It didn't happen overnight. We were figuring this out as we went along. Throughout the industry, recruiting methods were basically archaic. The tools everyone used to provide the service to clients and customers were sticks and rocks, so to speak. We decided to develop lasers and rocket launchers, in the form of innovative data, algorithms, and procedures to measure and predict success.
We engaged the entire company in naming our new internal, proprietary technology system, which is revolutionizing the way we do things and is poised to soon revolutionize the industry. We also incubated a startup—Whitetruffle—outside of the company that helps match candidates and clients and creates an inbound model (as opposed to our going out to find people). After all, how could we deliver the best service and experience if we couldn't expedite our offerings to our clients?
Listen, we all know that in a service company and a service industry you need to deliver service, but that concept has been all but lost. So our particular Vision was to reestablish what we are all about and what we should be all about—service and experience—and let that Vision become an overall guide when it comes to specific thoughts, decisions, and actions. With a great Vision, we didn't have to tell our employees what to do, because they knew what needed to be done (and delivered) with the Vision. And that meshes with the three things employees want most: Purpose, Autonomy, and Compensation. The first one, Purpose, you will read about in greater detail later in this book. The third, Compensation, is obvious. But when it comes to the second want, Autonomy, a great Vision ensures that employees are free to do their creative part. They don't need to be told what to do because they know what needs to be done.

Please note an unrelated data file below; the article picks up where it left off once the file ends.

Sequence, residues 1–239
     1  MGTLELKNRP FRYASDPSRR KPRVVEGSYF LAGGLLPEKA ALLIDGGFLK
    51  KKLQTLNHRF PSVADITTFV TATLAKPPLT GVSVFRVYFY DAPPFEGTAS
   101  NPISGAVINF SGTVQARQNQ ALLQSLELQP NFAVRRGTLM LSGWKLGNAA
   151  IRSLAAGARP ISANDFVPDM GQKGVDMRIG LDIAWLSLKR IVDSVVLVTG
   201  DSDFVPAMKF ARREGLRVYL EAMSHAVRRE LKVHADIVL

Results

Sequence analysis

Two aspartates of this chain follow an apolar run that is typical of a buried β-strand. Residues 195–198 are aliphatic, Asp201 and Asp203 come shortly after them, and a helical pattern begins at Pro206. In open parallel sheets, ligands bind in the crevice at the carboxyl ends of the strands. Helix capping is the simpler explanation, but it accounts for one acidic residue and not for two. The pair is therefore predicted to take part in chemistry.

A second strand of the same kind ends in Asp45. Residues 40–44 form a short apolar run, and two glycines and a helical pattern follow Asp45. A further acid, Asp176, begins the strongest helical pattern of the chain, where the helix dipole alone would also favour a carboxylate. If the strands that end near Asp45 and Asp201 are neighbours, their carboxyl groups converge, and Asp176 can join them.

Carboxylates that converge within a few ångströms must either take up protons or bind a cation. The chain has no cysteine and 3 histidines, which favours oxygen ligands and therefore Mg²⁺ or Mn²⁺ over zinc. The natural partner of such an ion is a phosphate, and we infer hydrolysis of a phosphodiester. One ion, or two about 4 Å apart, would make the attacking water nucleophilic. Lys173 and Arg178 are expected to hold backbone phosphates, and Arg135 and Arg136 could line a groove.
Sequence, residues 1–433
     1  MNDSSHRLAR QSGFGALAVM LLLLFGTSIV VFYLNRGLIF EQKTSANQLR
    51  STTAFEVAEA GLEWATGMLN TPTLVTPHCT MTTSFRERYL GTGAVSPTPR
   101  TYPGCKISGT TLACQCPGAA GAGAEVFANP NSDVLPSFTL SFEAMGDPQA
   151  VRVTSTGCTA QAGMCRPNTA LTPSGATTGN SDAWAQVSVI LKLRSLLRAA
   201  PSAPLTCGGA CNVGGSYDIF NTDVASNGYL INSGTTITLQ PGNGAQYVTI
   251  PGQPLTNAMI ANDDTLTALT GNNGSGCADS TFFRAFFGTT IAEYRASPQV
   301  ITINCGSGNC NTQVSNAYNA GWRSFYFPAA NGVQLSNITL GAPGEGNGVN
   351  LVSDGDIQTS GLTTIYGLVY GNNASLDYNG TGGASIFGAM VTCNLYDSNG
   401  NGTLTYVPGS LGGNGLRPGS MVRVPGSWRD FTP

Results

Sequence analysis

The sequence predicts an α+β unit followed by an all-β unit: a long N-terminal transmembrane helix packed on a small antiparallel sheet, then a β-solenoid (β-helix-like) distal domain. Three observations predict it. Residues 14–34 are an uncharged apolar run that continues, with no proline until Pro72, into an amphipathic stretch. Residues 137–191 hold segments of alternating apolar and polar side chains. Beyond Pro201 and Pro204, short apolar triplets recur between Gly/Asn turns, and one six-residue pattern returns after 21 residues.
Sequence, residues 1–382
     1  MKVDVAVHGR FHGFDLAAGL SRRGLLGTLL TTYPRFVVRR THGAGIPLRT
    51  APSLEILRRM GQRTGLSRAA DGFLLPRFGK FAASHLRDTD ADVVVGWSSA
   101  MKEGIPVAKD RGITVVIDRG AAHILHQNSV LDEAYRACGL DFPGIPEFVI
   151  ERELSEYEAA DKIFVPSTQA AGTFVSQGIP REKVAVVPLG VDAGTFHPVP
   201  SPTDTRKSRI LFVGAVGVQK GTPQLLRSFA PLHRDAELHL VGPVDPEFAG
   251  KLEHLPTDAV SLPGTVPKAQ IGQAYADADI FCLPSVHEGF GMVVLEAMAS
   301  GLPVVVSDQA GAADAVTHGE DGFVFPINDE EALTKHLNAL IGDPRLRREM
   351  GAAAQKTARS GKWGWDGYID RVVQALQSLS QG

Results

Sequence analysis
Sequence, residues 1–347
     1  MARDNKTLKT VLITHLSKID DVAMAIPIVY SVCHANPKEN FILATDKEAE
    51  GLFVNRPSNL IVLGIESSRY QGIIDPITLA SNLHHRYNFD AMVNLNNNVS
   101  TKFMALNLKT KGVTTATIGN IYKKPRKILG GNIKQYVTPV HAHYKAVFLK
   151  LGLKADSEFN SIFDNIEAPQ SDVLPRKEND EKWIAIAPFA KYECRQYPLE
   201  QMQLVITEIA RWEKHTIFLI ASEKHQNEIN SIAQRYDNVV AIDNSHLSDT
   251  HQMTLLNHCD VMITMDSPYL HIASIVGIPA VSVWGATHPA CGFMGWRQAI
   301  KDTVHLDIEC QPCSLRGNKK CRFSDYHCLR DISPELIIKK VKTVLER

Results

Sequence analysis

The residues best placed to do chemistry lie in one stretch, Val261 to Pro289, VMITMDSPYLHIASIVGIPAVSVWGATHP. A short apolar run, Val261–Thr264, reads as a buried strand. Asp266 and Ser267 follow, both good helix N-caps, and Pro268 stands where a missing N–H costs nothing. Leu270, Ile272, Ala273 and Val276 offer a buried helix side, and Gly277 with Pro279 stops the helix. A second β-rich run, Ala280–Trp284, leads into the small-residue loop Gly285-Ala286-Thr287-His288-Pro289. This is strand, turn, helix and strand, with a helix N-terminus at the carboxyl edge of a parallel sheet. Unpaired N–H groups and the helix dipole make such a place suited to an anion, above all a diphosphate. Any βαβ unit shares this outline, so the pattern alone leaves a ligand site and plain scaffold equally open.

When your Vision is "delivering the best service and experience," that's what the employees create and deliver. If it's not the best service and experience, they don't create or deliver it. The Vision helps guide your creativity and delivery and becomes self-managing over time, once it's in your DNA.
It's the Vision; so it's what everyone does.
It didn't take long before the recruiting company's Vision attracted employees who didn't want to work at other firms because we were doing it differently, and better. They wanted to join a winner. And our customers and clients? They realized that they had better service and a better experience with us, so they kept coming back. Our repeat business started to climb. We grew 300 percent the first year alone, and we haven't stopped since. We made Inc.'s list of America's fastest-growing companies two years in a row and climbing, and the firm's two owners made the roster of the Silicon Valley 100.
So is the recruiting company there yet? has it arrived? No way! The business is just at the beginning of the journey and still has a long way to go. But you know what? The company is definitely going somewhere. And the cool thing is that everyone is on board. Not bad at all for a nine-yearold company whose growth was flat and whose employee turnover was 100 percent. How did the company do it? It transformed and created its unique Culture by implementing the strategies that you are reading about now, in this book, beginning with a foundational Vision statement.
As I said, the company isn't done or even close to reaching its peak. Its new empowering culture is driving its success. Oh, and by the way, the new internal motto is to keep taking it to the Next Level, and that's exactly what they company does, because it is constantly enlarging the biggest room in the house—"The room for Improvement."